ABOUT THE TALK (more info & recommended reading list available on the PCMLP website)

Presentation by Antonina Cherevko, Adviser, International Media Support (mediasupport.org): Weaponization of information and attacks on “information sovereignty” – would freedom of expression standards suffice to tame the “information wars”? 

A liberal stance, traditionally supported by the intergovernmental and non-governmental actors and confirmed by the international courts,[1] suggests that insulting, offensive and shocking speech should also be protected, especially as in line with the theory of the ‘free marketplace of ideas’, we are accustomed to believe that truth and reason are destined to win over harmful and/or false speech.  This is, however, not exactly what has been happening at least since the end of 2013, when both traditional media, online outlets and social media networks started to be actively used for the purposeful, well-organized and coordinated disinformation campaigns. For instance, the massive research of Twitter posts proves that disinformation largely outplays true messages,[2] which makes it an easy and attractive method for pursuing various political purposes via dissemination of ‘weaponised’ narratives.

The term ‘weaponization of information’ was coined to define the use of information (and free speech rights) as a weapon in the framework of Russia’s aggressive foreign policy:[3] first, as a response to the EuroMaidan protests in Ukraine in late 2013, then in the course of the illegal annexation of Crimea and subsequent conflict in the east of Ukraine, and finally as a means of meddling in Brexit, the US presidential elections of 2016 as well as various elections and political processes in Europe (French and German elections, Catalonia unrest etc.). While the term originated in the European region and is currently closely associated with Russia’s state backed media and foreign policy, it has been gaining global popularity during the past several years, and can be easily replicated by other authoritarian regimes with international ambitions (like, for example, Iran and its recent disinformation campaigns)[4] because it allows for a great deal of asymmetrical influence and is heavily enhanced by the mere nature of modern instant communications.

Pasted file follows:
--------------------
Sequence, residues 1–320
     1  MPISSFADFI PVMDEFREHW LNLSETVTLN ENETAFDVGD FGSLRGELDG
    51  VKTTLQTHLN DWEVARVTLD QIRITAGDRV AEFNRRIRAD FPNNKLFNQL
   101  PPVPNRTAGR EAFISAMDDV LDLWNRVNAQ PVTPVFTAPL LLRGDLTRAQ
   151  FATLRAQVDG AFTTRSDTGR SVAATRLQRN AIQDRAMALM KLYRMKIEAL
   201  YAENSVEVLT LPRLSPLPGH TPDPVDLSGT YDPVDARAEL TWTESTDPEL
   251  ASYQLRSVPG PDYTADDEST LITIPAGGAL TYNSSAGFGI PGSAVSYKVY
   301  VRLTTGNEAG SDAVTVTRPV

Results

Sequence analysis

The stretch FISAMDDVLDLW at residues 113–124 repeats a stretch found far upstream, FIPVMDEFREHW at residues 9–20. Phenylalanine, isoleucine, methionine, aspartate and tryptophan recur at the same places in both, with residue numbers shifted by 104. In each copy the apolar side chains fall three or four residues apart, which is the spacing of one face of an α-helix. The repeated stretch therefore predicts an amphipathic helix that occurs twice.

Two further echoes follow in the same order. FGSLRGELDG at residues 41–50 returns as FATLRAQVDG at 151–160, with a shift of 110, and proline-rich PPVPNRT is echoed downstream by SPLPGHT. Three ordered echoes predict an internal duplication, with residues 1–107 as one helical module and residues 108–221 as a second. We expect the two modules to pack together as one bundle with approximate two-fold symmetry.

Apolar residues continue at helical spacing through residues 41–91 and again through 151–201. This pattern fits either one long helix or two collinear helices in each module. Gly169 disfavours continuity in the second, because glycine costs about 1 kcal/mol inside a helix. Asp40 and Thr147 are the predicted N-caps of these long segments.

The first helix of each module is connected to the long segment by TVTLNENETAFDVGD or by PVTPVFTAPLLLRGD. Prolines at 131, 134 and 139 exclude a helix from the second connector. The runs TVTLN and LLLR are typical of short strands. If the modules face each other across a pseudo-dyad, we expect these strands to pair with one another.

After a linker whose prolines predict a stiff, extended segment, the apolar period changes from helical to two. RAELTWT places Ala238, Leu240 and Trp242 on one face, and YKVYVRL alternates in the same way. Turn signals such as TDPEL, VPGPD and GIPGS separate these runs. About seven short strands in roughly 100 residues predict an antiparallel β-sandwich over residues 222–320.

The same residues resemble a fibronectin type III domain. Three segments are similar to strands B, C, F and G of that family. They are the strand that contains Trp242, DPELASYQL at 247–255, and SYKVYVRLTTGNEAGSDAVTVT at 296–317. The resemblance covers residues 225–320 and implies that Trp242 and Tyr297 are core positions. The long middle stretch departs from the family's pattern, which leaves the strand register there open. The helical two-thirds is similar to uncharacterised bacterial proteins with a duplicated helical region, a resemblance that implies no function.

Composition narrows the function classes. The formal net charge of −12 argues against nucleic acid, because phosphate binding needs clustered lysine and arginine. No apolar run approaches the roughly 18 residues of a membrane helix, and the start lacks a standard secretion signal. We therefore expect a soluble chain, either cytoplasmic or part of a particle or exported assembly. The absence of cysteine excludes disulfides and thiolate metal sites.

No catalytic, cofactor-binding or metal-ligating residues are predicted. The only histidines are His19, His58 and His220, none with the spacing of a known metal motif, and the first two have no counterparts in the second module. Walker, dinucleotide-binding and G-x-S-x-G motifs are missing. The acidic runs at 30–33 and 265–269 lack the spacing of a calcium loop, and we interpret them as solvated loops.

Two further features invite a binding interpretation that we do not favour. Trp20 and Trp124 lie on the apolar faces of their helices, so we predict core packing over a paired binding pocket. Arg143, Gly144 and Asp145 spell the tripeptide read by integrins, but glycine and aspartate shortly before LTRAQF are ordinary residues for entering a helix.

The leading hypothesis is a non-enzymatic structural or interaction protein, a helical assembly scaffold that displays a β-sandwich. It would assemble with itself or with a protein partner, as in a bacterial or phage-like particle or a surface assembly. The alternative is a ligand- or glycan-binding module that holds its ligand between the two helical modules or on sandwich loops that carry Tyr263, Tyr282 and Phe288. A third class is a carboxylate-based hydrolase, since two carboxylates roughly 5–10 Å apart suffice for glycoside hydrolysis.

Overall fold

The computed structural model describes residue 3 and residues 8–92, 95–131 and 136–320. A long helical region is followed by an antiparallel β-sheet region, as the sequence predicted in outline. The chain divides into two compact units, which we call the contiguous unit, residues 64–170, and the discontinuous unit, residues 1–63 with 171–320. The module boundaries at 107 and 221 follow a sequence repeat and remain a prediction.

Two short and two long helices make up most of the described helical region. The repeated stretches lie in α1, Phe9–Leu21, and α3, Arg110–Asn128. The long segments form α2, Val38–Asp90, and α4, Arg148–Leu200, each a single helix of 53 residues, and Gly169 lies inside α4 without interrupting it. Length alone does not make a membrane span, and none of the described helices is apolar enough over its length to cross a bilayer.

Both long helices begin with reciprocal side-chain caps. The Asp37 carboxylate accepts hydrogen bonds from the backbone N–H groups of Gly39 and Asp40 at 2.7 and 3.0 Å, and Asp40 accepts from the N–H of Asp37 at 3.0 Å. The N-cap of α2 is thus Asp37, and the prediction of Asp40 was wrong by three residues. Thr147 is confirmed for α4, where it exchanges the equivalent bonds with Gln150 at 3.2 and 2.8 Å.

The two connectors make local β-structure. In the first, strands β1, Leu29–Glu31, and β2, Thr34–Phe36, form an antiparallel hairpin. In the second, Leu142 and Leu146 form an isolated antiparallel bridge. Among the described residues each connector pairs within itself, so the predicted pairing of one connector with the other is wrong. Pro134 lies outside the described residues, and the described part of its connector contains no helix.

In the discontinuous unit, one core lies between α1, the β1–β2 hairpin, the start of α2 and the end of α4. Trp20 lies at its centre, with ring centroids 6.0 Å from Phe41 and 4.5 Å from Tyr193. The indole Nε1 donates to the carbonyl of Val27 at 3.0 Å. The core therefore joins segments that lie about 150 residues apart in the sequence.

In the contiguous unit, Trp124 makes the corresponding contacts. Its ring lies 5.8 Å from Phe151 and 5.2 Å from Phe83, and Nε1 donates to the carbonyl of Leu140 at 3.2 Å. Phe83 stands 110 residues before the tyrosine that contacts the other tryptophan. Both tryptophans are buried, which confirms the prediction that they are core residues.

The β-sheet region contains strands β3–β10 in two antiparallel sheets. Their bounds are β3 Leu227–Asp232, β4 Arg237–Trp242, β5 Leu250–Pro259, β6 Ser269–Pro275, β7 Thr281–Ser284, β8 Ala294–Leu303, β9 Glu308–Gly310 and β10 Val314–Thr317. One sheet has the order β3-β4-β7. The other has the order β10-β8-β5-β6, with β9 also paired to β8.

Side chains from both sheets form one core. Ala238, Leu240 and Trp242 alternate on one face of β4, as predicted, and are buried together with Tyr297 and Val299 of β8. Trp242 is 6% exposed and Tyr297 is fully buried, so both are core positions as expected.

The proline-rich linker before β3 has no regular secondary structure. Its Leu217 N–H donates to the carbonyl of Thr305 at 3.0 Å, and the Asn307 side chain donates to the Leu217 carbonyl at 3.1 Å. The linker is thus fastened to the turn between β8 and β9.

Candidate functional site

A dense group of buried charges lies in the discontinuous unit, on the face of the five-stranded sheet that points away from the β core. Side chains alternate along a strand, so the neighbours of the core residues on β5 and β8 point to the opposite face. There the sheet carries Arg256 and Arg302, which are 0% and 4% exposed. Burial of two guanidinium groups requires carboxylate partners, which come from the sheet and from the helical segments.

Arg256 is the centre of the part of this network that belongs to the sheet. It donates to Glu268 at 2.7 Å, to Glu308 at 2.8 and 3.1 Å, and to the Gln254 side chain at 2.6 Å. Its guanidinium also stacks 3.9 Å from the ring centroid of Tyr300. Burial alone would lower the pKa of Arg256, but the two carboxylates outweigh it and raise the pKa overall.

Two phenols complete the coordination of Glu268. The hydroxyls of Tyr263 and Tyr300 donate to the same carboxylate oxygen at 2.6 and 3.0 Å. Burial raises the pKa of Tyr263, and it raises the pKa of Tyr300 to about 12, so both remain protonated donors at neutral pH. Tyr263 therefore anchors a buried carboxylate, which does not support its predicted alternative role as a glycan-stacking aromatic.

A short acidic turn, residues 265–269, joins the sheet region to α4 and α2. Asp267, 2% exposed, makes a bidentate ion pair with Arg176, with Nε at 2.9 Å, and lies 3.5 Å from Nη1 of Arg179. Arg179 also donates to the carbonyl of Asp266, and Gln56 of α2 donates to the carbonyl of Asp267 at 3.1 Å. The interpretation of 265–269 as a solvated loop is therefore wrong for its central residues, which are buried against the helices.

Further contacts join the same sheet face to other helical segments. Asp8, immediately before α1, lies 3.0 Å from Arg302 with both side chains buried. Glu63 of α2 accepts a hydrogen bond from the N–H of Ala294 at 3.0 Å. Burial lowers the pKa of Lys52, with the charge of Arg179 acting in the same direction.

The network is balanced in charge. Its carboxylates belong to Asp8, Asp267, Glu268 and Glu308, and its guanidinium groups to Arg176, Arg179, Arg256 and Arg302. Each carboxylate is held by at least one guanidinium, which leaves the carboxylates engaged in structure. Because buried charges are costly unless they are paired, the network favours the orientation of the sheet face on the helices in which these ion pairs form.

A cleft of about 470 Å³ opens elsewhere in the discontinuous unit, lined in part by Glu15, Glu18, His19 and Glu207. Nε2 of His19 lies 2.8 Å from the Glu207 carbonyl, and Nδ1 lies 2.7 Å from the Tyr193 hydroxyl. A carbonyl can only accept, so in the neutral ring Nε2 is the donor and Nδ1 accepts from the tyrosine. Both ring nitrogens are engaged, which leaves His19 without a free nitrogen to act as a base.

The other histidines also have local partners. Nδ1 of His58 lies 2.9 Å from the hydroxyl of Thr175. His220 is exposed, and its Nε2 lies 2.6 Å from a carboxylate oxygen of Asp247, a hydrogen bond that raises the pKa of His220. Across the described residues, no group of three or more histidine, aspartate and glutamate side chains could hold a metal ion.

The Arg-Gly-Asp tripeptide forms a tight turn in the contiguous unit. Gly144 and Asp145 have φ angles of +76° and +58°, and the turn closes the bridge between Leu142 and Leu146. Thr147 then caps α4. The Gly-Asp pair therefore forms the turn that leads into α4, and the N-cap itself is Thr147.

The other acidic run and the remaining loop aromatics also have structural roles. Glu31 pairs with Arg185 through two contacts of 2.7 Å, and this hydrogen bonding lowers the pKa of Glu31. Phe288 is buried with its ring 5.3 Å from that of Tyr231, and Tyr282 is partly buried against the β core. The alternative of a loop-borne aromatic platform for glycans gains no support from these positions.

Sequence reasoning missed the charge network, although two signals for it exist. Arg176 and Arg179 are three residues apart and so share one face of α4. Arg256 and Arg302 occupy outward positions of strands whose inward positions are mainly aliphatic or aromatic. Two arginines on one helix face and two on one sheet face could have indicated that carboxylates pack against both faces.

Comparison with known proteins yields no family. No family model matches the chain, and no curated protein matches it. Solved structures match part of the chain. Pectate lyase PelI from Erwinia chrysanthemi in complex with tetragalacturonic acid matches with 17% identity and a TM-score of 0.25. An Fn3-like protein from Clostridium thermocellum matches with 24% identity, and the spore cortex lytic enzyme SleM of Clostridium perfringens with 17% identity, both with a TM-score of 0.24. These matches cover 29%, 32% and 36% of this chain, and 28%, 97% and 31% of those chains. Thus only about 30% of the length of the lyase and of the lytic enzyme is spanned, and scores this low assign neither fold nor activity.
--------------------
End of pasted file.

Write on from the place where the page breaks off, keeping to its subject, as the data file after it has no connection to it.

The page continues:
There has been little attempt to explore the phenomenon of weaponization of information in the context of human rights and the concepts of freedom of expression, legitimate limitations of it, and abuse of rights. Whether the existent international legal framework is able to protect the very essence of freedom of expression from abuse by ill-intentioned actors in times when ‘theories of speech and society are under intense examination’[5] is not merely a theoretical question, it may well become the question of further preservation and survival of the value-based system that we currently rely upon.

[1] Handyside v. the United Kingdom, Application No.5493/72 (ECtHR, judgment of 07 December 1976), para 49

[2] Robinson Meyer, ‘The Grim Conclusions of the Largest-Ever Study of Fake News’ (The Atlantic, 8 March 2018) <https://www.theatlantic.com/technology/archive/2018/03/largest-study-ever-fake-news-mit-twitter/555104/> accessed 19 March 2018.

[3] P Pomerantsev, M Weiss, The Menace of Unreality: How the Kremlin Weaponizes Information, Culture and Money (The Institute of Modern Russia 2014) p.14.

[4] Gabrielle Lim, Etienne Maynier, John Scott-Railton, Alberto Fittarelli, Ned Moran, and Ron Deibert, ‘Burned After Reading. Endless Mayfly’s Ephemeral Disinformation Campaign’ (THECITIZENLAB, 14 May 2019) <https://citizenlab.ca/2019/05/burned-after-reading-endless-mayflys-ephemeral-disinformation-campaign/?fbclid=IwAR2mWzf91EYhckgjwbHP9ARiX-RQSRnaYlW3qWeDzOBWPdYMtE_r7XtzP-c&utm_source=newsletter&utm_medium=email&utm_campaign=kremlin_watch_briefing_major_iranian_disinformation_campaign_exposed&utm_term=2019-06-30> accessed 29 June 2019

[5] Monroe Price, Nicole Stremlau, Speech and Society in Turbulent Times: Freedom of Expression in Comparative Perspective (Cambridge University Press 2018) p.317.



When: May 14, 2020 14:00 London
Topic: PCMLP Global Seminar Series: “Freedom of Expression & the Weaponization of Information” (with Antonina Cherevko, Adviser, International Media Support)

Please click the link below to join the webinar: 
Password: 937028

 Or iPhone one-tap :
United Kingdom: +442030512874,,89033217271#,,1#,937028# or +442034815237,,89033217271#,,1#,937028#
Or Telephone:
Dial(for higher quality, dial a number based on your current location):
United Kingdom: +44 203 051 2874 or +44 203 481 5237 or +44 203 481 5240 or +44 131 460 1196
US: +1 929 205 6099 or +1 253 215 8782 or +1 301 715 8592 or +1 312 626 6799 or +1 346 248 7799 or +1 669 900 6833
Webinar ID: 890 3321 7271
Password: 937028

International numbers available: https://us02web.zoom.us/u/kdXj3HBZGI